[…] Prediction markets are gaining interest because the Internet allows greater worldwide access to them, as well as to the ever-increasing amount of data stored on any topic imaginable (which theoretically allows participants to make more informed predictions, individually and in aggregate). These factors, plus the enormous amount of computing power that will make it possible to instantly calculate exponentially small odds, are stimulating new research on advanced computational models in prediction markets. These models could be capable of analyzing entire events such as the annual NCAA collegiate basketball tournament, which begins a 63-game schedule with 263 possible outcomes by the tournament’-s end. […]
Growing opportunities in internal private-sector prediction markets are also revealing divergent philosophies among the markets’- designers. Many of the public markets feature price-adjustment algorithms built around answering discrete multiple-choice outcomes, such as which candidate will win an election or if a product will launch in month x, y, or z. […]
IEM steering committee member Thomas Rietz, a professor of finance at the university, says the aggregate zero-risk design of the IEM allows the markets to perfectly reflect the aggregate forecast opinions of its participants. By aggregate zero-risk, Rietz explains that when a trader enters a particular bilateral (either/or) market, he or she must buy one share of each choice, called a bundle, for a total cost of $1. If the trader holds the bundle until the market concludes, there is neither profit nor gain. If the trader guesses the outcome successfully, and sells the losing unit of the bundle to another trader while the market is running, he or she picks up the original $1 bet plus whatever price was agreed upon for the losing share that was sold. If the trader chooses to hold onto the loser and sell the eventual winner, however, they will incur the $1 loss at payout time. At any given time, the number of eventual winning shares and losing shares is equal and held by the traders. So, the university bears no counterparty risk and there is no need to provide hedging margins that irrationally affect outcomes. “-The price you would be willing to buy or sell for today is your expectation of its value in the future—the prices can be directly interpreted as a forecast,”- Rietz says. “-In ordinary futures markets, there is a long-lasting debate, going back to John Maynard Keynes in the 1930s, over whether prices can legitimately be used as forecasts, and it all hinges on whether or not people demand a return or face a risk in aggregate when they’-re investing in these contracts.”- […]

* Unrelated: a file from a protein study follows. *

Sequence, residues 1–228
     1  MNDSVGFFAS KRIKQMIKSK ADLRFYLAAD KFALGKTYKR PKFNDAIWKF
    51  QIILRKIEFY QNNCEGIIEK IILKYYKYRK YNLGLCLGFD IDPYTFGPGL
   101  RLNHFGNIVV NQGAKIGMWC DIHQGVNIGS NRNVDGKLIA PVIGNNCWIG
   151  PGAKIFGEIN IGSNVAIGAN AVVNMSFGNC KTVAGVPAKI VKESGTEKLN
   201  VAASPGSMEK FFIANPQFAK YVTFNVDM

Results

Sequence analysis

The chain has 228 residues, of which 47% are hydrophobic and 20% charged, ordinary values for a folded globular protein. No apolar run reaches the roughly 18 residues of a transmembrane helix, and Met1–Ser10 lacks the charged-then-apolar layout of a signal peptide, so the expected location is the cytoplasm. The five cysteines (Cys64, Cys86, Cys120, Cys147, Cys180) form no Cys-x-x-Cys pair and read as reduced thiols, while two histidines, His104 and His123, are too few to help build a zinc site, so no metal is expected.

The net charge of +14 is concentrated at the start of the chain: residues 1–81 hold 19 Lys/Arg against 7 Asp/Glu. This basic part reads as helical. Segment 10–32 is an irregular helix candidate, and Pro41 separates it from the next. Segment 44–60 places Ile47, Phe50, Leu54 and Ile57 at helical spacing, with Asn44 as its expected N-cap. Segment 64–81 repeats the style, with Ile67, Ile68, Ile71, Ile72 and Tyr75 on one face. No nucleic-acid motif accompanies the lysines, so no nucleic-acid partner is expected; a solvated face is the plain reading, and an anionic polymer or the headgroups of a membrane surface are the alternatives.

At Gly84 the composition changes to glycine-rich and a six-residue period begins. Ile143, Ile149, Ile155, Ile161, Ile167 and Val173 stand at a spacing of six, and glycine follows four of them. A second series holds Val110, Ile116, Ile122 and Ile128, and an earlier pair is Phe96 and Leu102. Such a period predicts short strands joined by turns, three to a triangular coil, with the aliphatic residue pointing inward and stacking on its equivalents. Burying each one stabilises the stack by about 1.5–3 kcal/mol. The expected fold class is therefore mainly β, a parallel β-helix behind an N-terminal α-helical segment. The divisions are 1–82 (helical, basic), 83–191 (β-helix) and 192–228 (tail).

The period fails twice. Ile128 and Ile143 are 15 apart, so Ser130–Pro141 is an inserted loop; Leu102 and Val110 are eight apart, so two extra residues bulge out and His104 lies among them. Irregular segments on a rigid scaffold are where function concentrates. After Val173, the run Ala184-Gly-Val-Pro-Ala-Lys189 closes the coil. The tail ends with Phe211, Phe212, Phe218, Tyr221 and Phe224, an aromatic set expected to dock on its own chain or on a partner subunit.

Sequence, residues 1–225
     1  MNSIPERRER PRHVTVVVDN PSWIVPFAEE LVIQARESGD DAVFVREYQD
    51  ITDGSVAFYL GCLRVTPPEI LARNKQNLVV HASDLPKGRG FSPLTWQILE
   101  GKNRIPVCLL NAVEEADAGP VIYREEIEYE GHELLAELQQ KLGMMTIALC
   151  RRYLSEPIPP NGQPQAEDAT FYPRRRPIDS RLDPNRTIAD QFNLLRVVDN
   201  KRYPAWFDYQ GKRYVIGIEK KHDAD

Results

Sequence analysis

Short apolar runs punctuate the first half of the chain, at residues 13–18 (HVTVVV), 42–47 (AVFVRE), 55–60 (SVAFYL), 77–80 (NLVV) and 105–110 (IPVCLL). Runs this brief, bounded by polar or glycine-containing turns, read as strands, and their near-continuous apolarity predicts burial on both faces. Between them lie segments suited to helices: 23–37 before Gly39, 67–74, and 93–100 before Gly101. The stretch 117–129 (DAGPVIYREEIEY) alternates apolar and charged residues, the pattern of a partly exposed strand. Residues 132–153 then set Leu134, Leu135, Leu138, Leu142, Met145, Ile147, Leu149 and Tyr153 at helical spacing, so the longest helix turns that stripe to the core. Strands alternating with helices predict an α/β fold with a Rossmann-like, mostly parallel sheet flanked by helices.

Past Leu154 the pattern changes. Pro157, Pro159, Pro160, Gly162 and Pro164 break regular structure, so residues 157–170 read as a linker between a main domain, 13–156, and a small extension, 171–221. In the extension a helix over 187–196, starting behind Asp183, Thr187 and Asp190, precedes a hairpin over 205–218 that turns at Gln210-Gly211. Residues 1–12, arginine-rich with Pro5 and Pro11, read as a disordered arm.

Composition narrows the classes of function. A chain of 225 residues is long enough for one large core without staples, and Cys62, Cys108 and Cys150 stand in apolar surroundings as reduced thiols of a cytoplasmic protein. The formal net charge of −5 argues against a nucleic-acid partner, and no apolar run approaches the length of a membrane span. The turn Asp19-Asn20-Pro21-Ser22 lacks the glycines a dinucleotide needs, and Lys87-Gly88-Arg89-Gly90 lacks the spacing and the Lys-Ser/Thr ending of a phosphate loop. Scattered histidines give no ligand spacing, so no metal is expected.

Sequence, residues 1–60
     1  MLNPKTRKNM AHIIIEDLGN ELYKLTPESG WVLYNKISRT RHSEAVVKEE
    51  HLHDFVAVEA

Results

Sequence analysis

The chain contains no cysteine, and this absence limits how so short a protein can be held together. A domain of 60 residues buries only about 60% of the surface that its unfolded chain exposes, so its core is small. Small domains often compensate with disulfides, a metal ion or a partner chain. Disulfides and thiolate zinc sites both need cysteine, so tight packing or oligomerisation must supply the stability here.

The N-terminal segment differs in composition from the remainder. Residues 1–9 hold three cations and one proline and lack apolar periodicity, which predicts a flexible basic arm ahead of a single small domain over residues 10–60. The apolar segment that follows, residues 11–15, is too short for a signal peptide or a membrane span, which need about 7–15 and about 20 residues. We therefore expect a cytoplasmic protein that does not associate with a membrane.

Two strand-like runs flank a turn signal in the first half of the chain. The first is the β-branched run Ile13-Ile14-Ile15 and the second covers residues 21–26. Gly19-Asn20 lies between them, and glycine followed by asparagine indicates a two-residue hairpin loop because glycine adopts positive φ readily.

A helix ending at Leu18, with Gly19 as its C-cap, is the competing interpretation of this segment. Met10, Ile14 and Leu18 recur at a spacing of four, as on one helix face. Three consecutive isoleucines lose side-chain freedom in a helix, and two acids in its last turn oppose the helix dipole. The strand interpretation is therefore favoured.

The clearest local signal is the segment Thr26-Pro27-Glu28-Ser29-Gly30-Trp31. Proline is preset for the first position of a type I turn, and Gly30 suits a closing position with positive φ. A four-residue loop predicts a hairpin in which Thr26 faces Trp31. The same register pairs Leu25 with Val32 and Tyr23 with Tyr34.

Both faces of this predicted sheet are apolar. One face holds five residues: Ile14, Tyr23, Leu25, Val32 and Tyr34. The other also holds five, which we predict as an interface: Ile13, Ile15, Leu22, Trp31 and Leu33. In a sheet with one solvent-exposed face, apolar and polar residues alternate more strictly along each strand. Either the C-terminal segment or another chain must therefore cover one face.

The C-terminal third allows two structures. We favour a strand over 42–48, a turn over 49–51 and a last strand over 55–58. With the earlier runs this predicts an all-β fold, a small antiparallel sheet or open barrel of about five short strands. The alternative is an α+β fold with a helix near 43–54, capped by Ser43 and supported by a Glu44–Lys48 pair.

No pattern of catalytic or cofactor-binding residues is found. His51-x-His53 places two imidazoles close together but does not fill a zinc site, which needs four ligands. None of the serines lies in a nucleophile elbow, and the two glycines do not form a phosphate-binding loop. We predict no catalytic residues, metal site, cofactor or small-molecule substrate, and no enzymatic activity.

One enduring research problem on combinatorial markets is mitigating the effects a virtually unlimited spectrum of outcomes will have on creating markets that are so thin in trades they do not serve their purpose of aggregating information. In such markets, which might bear a resemblance to an enterprise prediction market in that there are not enough participants to provide a statistically valid spread of opinion, Pennock says a market-maker algorithm might serve as a price setter within widely acceptable limits. “-I believe that approximation algorithms will be fine for the market maker, because people don’-t really care about making bets on things that are incredibly unlikely, like 10?6 chance,”- Pennock says. “-But as long as you’-re betting on something with a 10% chance of happening, we’-ll be able to approximate pretty quickly with a market-maker price.”- […]
David Pennock’-s website and blog
I’-ve developed a combinatorial betting tech that lets a few or many users edit an always-coherent joint probability distribution over all value combinations of some set of base variables. Far futures base variables might include the years of important tech milestones, population, wealth, or mortality values at particular future dates, etc. Each user edit would be backed by a bet, a bet invested in assets paying competitive interest/returns. This combo bet tech worked well in published lab tests, several firms have used it, and I’-m now working with Consensus Point to deliver a robust commercial implementation. More on the tech here, here, and here.
See the explainer from David Pennock, which we will link to, again, later on.
I previously wrote that that San Francisco vendor conference is not worth the $400 they are asking. However, in all honesty to my readers, I shall notify that they have just made one (small) change that goes in the right direction. World’-s #1 prediction market researcher Robin Hanson is now scheduled to talk about combinatorial prediction markets (a very hot topic these days) —-instead of stuff about how to quantify prediction market value (a too much theoretical issue for business people).
A vendor conference with no editorial line is unlikely to be the receptacle of the truth about enterprise prediction markets. Vendors (4 will be present) do oversell.